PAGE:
ACNC Approach to Governance Under Scrutiny
Thursday, 3rd July 2014 at 12:04 pm
A lawyer that specialises in Not for Profit and charity law has questioned the role and approach of the Australian Charities and Not-for-profits Commission to governance issues in a case involving ‘rogue’ charity directors and allegations of financial mismanagement.
Derek Mortimer, the Principal at DF Mortimer & Associates, has written an occasional paper on governance for charitable institutions based on a case in which an honourary life member and former president of a disability support charity was facing “chronic generic allegations of financial mismanagement” by a fellow board member.
According to the paper, a group of “rogue directors” at the charity formed an “executive director” group, resolved to abolish the vice president position under the charity’s constitution, and suspended the aggrieved member as a director and as a member.
The paper said the rogue directors later purported to expel the aggrieved member entirely from the charity.
However according to Mortimer, despite the rogue director’s decision breaching, on plain reading, section 203E of the Corporations Act and the ACNC acknowledging that the issue was in its jurisdiction – the ACNC did not confirm whether it would address the issue.
Mortimer said the issue soon escalated when two weeks after a proposed meeting was organised and was to be convened by other members of the charity on the issue, the “aggrieved member” noticed their name as a “responsible person” had been removed from the charity’s web page at the ACNC.
“An inquiry to the ACNC by the aggrieved member, querying the integrity of the ACNC’s systems was acknowledged,” the paper said.
“The ACNC again stated it could not confirm how it would respond to this issue.”
“It’s not for me to tell the ACNC how to do their job however the opportunity was there to be grasped, if they had stepped in, to convene a meeting for all involved in this dispute,” Mortimer said.
“It doesn’t seem to have happened… This is not necessarily the ACNC’s fault but a consequence of them not stepping in.”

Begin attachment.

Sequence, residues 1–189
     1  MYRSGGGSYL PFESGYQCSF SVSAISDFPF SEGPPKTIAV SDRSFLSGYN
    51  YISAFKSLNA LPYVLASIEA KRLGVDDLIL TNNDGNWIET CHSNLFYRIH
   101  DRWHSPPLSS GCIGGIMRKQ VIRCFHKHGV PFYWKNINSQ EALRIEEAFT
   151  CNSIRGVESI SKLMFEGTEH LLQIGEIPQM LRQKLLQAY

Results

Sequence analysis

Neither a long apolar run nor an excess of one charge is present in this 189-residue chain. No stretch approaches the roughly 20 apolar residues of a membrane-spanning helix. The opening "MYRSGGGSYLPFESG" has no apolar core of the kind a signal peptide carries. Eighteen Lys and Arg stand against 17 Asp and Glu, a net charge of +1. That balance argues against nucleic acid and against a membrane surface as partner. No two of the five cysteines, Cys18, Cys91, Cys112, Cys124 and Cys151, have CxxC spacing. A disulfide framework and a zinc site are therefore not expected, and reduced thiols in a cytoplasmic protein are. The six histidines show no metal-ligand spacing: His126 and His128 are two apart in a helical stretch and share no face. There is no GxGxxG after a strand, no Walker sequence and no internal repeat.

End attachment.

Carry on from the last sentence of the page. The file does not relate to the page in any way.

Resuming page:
Mortimer also stated in his paper that the case was hardly a shining example of charity self-management as being promoted by Social Services Minister Kevin Andrews, who is leading the push for the removal of the ACNC.
“People within charities are very passionate about purpose and why they are there, which can spill over into different points of view, and ownership, and they can get a bit possessive,” he said.
“I am not convinced that Minister Andrews understands and appreciates internal disputes [within a Not for Profit] without proper guidance and mediation.”
An ACNC spokesperson told Pro Bono Australia News that its evaluation of this case was ongoing and it continued to receive and consider information from the disputing parties.
“We have applied our policies and procedures consistently in dealing with this case and we will continue to do so,” the spokesperson said.
“The ACNC has evaluated the case on which the paper is based. It concerned a dispute over who comprises the board of the charity.
“Generally, the ACNC does not have authority to resolve internal disputes. This is consistent with the powers of other regulators such as ASIC or Incorporated Associations Registrars.
“Our role is to ensure that the charity continues to carry out its charitable purpose and complies with the requirements of the ACNC Act.
“As a result of the dispute, we have withheld the names of the responsible persons on the ACNC Register until we can confirm who the correct responsible persons are. Both parties to the dispute have been advised of this.”
The spokesperson said that when an internal governance issue came to the ACNC’s attention, it assessed whether it relates to the charity’s obligations under the ACNC Act.
“Normally internal disputes fall outside of our jurisdiction and charities must resolve internal disputes themselves,” the spokesperson said.
“However charity governance is relevant to the ACNC Act because all registered charities (apart from basic religious charities) must meet five governance standards to maintain registration.
“Charities must also ensure their officers, or ‘responsible persons’, comply with seven specific duties under our governance standards.
“The ACNC’s compliance team has reviewed over 300 charities in the last 18 months. Almost all of our compliance cases involve governance issues.
“The most common problem is when charities use funds inappropriately, and the second most common problem is when there is a lack of accountability to members, often because the constitution is not being followed.
“When the ACNC receives concerns relating to a charity’s governance we assess how significant the issue is and whether we, or another regulator, are best placed to take action.
“Often we will provide regulatory advice and refer charities to our publications on good governance and published advice for meeting the governance standards.
“However, if the governance issues appear to have caused serious mismanagement or misappropriation, a serious or deliberate breach of the ACNC Act, or if vulnerable people or significant charitable assets are at risk, then we will step in.”
To read Derek Mortimer’s occasional paper on governance for charitable institutions, see link below.